Meet the guy in the bullpen you don't know
JUN 08, 2012 10:42p ET
Dammann is in his sixth season with Minnesota after he landed the job out of college prior to the 2007 season. The South Dakota-born Dammann played baseball and football in high school and later played both at Hamline University in St. Paul. He graduated with a degree in early American history and also earned his teaching license.
While serving as a substitute junior high teacher, Dammann heard from former Twins outfielder Dan Gladden that Minnesota was looking for a bullpen catcher. With no long-term job lined up after college, Dammann gave it a shot.
"It was a job, for one -- that paid," Dammann said. "I had really no plans at all. This sounded like fun, so I thought why not."
A few interviews later he landed the job, put away the textbooks and dusted off his catcher's gear. But Dammann said he never really received any training on what went into being a bullpen catcher, so he made it up as he went along.
"Looking back now, I really didn't know what to do," Dammann said. "No one really told me what to do. (Bullpen coach Rick Stelmaszek) was helping me. In the interview process, they never told me, 'Stand here at this time, go do this, go do that.' They found out I could throw (batting practice). Now I throw BP every day. I get to be in on things.
"It's kind of fun. I've done more with it than I think I had originally planned."
It might be fun, but Dammann's routine involves more work than the average fan may realize, more than just warming up pitchers. He arrives at the park around 1 p.m. for a 7 p.m. game and prepares baseballs for the following day's round of batting practice -- which he'll take part in by throwing a few rounds to the Twins' batters. And, of course, it's Dammann's job to haul the bags of baseballs off the field after BP.
After tossing batting practice, Dammann will walk out to the bullpen a half hour before first pitch to help warm up that night's starting pitcher. He'll also play long toss with Minnesota's outfielders before the game starts. And when Twins pitchers throw their bullpen sessions in between starts, it's usually Dammann behind the plate for them. Since he's been with the Twins longer than most of the pitchers, he knows by now what they throw and can offer insight during bullpen sessions.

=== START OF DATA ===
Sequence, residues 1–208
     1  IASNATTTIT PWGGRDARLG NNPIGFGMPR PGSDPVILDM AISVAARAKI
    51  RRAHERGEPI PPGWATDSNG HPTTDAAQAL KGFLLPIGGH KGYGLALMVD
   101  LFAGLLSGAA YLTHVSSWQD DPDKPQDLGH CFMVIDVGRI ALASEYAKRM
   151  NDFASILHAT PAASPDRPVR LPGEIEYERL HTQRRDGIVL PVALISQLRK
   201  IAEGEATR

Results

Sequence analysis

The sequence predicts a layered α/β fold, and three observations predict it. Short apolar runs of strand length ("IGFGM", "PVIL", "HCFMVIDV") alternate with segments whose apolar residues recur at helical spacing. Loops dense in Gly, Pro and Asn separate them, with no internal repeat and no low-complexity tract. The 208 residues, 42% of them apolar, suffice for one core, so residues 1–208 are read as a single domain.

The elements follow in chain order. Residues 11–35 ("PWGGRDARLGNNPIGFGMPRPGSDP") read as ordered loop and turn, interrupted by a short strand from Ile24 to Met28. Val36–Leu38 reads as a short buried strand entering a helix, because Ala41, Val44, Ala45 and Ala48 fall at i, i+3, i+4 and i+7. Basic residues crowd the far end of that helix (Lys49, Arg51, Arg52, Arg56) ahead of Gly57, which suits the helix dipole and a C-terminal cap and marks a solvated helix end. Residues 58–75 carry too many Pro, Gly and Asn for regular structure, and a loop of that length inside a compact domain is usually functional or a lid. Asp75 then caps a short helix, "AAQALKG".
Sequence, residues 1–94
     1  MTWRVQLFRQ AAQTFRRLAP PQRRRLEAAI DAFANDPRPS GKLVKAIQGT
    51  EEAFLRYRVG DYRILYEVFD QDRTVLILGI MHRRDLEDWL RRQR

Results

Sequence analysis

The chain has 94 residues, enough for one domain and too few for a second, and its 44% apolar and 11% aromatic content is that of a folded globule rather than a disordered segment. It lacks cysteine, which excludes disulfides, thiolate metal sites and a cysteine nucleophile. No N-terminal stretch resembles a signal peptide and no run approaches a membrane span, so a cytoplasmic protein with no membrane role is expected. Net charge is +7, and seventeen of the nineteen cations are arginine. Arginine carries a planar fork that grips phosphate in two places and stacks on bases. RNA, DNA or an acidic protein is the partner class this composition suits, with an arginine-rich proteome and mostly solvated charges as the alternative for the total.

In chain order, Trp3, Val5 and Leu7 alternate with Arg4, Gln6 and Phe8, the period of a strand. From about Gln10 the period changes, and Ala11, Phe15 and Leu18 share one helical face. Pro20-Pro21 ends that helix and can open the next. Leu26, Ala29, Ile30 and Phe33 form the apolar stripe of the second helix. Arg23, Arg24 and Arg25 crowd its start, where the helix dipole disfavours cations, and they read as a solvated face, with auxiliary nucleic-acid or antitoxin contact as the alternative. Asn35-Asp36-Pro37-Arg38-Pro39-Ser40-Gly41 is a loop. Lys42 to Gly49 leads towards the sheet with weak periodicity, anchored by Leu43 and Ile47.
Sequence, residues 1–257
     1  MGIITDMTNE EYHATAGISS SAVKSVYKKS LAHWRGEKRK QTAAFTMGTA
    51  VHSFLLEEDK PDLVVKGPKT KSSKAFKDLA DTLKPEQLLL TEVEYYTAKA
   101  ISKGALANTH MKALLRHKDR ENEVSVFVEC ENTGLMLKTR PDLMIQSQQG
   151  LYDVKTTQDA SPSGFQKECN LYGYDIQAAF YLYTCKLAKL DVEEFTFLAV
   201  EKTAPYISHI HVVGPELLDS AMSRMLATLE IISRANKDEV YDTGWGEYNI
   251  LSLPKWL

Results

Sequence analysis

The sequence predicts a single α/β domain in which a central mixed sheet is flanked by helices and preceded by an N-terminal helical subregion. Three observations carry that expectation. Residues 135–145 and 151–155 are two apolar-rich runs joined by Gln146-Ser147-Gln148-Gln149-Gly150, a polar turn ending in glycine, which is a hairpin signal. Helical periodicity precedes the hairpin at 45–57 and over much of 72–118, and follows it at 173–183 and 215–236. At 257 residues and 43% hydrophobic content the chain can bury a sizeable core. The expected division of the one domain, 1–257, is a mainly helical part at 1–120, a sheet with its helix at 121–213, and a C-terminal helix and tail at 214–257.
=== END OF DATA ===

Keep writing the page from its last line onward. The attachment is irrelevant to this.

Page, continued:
"The guy works unbelievably hard," Twins reliever Brian Duensing said. "He's always constantly throwing. He throws more than any of us. But it's nice to have him around. He knows the game. . . .
"He's always out there, always at your beck and call. As long as you treat him right, he's willing to do whatever you need him to help with."
Like the rest of the team, Dammann travels when the Twins go on the road. Now that he has a 1-1/2-year-old daughter, Ada, the travel isn't quite as enjoyable. Fortunately, his wife, Kate, is a schoolteacher and has summers off, so their schedules allow them to split up the duties at home.
Dammann isn't sure how long he'll want to stick around as Minnesota's bullpen catcher, but hopes to be with Twins organization for a while. He's given up the thought of returning to the classroom but admits he'd like to one day teach on the baseball field. For the past five offseasons, Dammann spent several weeks each winter in the Dominican Republic, coaching players in the Twins Academy.
"I'd like to eventually one day try to do something else, whether it's instructing," he said. "I'd like to keep working for the Twins, absolutely. It's a great organization to work for. . . .
"There's not too much to complain about. I've got it pretty good. (Manager Ron Gardenhire) treats me really well. Terry (Ryan) treats me really well. The entire staff, Rick Anderson, Steve (Liddle), Scotty (Ullger), Jerry (White), Joe (Vavra), they all are really good guys to work for. And I only know one way, and it's their way. It seems to be working."
Dammann may not make nearly as much money as Minnesota's star catcher, Joe Mauer. He might not get the recognition publically that his Twins brethren receive. But that hasn't stopped him from enjoying his job. His office is a ballpark, and he's a part of the team.
"You feel like you're a part of it," Dammann said. "At the same time, I realize what my role is. I try to help out Gardy as much as possible and the coaches and players. I don't ever want to be questioned about how hard I work. As long as I keep working hard, I'll be fine."
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